October 25, 2002: Here's an item I read a few days ago and had been planning to include here, possibly thrown in near the bottom: The re-election campaign of Sen. Paul Wellstone (D-Minn.) has suddenly come under attack by a gigantic out-of-state ad campaign that looks to be better funded than his and his opponent's campaigns combined. The group responsible for the ad is a DC-area group called Americans for Job Security (a totally meaningless name, of course) which was founded by the insurance industry, grew on attacking the AFL-CIO, and has since embraced all kinds of pro-business causes and issues. They aren't telling where they got the money. Wellstone has been made a target of the national Republican strategy -- one of a few senators they're focusing resources on from all over, because they either see the seat as vulnerable or just can't stand the liberalness of the incumbent... Wellstone qualifies on both counts. He was one of the most liberal people left in the Senate. Among the conservative agendas he resisted were the bankruptcy "reform" effort, and the war on Iraq ("I told my wife it might be the end of the race. The conventional wisdom in Washington was that if you cast that vote, you lose," he said... but after the vote, his poll numbers went up). He the first member of congress to sign a twelve-point pledge outlining a thorough plan of action for corporate reform backed by Ralph Nader. (Bush, meanwhile, is still working to undercut even the tiny amount of reform that's been passed, by gutting protection for whistleblowers, and is reducing the SEC budget for enforcement -- cutting the extra funds he called for himself in his big speech on corporate responsibility.) One move I could criticize is that Wellstone was an author of the recent giant farm pork bill -- a bill that now has Mexican president Vicente Fox trying to pressure the U.S. to do something about all the farm subsidies that are helping impoverish his country.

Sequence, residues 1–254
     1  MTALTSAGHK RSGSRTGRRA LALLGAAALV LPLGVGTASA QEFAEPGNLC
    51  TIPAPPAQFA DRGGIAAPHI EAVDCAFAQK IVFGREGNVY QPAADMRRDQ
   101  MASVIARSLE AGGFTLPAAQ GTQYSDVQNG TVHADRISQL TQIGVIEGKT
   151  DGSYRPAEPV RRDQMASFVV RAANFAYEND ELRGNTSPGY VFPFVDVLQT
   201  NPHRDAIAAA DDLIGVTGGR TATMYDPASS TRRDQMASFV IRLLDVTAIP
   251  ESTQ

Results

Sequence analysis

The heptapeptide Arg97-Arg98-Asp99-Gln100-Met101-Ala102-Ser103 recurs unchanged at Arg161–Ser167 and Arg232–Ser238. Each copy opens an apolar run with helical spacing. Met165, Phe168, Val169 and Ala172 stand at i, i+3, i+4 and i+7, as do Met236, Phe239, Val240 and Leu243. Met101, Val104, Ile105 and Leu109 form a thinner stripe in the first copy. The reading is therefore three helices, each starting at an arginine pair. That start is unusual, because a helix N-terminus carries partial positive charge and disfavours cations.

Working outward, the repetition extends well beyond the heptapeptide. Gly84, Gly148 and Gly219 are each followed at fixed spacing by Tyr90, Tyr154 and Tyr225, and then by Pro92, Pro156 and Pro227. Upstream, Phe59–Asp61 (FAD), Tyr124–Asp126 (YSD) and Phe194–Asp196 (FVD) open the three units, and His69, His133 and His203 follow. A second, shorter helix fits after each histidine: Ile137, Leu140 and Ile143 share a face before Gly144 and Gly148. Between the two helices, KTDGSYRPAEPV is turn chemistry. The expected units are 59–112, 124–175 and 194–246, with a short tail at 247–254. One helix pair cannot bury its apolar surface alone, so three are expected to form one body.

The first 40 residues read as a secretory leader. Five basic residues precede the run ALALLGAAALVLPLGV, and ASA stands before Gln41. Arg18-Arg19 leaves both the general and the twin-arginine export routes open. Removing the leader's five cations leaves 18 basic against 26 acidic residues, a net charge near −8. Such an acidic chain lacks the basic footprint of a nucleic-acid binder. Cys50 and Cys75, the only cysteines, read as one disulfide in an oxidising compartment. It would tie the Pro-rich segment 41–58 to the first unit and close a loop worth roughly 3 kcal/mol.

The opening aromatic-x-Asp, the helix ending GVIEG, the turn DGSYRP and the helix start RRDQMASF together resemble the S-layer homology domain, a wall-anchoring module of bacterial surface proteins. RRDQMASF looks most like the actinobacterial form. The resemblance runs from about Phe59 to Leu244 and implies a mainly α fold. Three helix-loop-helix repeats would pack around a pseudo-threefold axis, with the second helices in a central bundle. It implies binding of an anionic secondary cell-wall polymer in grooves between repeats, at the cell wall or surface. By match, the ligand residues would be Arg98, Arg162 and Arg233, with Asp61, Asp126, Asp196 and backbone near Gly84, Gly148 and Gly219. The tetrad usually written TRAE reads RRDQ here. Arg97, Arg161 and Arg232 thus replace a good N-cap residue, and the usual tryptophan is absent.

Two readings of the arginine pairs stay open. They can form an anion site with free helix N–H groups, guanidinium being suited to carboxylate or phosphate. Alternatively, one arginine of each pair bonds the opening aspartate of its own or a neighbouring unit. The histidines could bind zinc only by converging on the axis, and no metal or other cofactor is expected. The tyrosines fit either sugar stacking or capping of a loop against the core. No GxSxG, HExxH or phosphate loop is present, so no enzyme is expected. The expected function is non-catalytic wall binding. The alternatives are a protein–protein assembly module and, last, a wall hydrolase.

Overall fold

This would have been a minor item here, but a new event has suddenly made this story more interesting: Paul Wellstone just got killed in a plane crash, along with his wife, his daughter, and five others. This tragedy is presumably a simple accident, but the timing is rather alarming. I don't want to be paranoid, but I do hope that this crash is thoroughly investigated.
The crash has been called "eerily reminiscent" of the one that killed Mel Carnahan in Missouri two years ago. (Carnahan was the one who defeated John Ashcroft at the polls posthumously.)
The death has already been misused by Pete Domenici (R-Arizona) as an excuse to duck debating his Democratic rival, Gloria Tristani.
The effort to buy a war with Iraq, meanwhile, is getting seamier. We now have news that the Bush administration knew more than a year ago about the North Korean nuclear arms effort. They did not reveal the news to Congress until after they had voted to let him attack Iraq. Many in Congress are pissed at being kept in the dark on something that might well have changed the debate. Since the North Koreans (once part of the "axis of evil") are now admittedly guilty of just what we're supposed to attack Saddam Hussein for just possibly being guilty of, the rationale for invading Iraq is growing even more senseless than it was before. In dealing with the North Koreans, Bush decided that even blocking an oil shipment would be too strong a response. But the insanity of the Iraq policy gets even worse: Bush just approved $92,000,000 for training and equipping Iraqi opposition groups. The largest and most organized such group is the Supreme Council of the Islamic Revolution in Iraq, an Islamist group based in Iran. They're open to U.S. help in toppling Saddam.